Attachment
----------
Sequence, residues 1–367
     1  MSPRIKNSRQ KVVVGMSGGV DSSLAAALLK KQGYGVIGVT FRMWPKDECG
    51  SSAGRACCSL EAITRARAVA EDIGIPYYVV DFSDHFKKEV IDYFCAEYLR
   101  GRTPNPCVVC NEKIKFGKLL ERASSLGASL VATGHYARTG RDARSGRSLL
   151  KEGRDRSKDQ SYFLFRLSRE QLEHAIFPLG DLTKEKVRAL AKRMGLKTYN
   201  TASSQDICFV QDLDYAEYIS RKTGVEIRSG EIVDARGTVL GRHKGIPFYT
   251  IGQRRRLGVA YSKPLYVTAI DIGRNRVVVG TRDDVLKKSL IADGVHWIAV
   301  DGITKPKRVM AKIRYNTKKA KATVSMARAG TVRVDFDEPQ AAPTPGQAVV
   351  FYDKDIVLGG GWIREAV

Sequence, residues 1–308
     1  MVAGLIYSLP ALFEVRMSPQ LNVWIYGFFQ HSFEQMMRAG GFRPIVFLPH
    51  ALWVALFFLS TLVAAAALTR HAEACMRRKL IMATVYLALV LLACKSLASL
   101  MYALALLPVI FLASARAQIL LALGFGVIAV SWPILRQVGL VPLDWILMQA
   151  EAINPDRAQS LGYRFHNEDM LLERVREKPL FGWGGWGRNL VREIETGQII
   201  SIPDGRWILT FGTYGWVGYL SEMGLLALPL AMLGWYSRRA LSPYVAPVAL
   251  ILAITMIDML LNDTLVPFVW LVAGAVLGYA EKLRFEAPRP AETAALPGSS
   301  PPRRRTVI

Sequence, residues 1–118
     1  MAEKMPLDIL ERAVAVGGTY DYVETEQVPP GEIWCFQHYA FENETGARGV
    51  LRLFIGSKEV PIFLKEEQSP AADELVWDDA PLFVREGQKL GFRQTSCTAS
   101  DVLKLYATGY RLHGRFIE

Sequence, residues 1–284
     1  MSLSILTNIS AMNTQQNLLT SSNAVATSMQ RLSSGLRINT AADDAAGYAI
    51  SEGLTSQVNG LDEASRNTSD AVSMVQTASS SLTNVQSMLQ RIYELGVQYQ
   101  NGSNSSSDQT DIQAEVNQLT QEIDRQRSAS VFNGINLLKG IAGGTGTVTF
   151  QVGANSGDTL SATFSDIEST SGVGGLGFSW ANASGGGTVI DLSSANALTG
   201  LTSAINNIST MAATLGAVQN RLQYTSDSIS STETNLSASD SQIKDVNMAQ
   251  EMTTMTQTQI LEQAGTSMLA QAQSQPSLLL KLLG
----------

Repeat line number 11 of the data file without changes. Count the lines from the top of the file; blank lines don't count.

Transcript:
     1  MVAGLIYSLP ALFEVRMSPQ LNVWIYGFFQ HSFEQMMRAG GFRPIVFLPH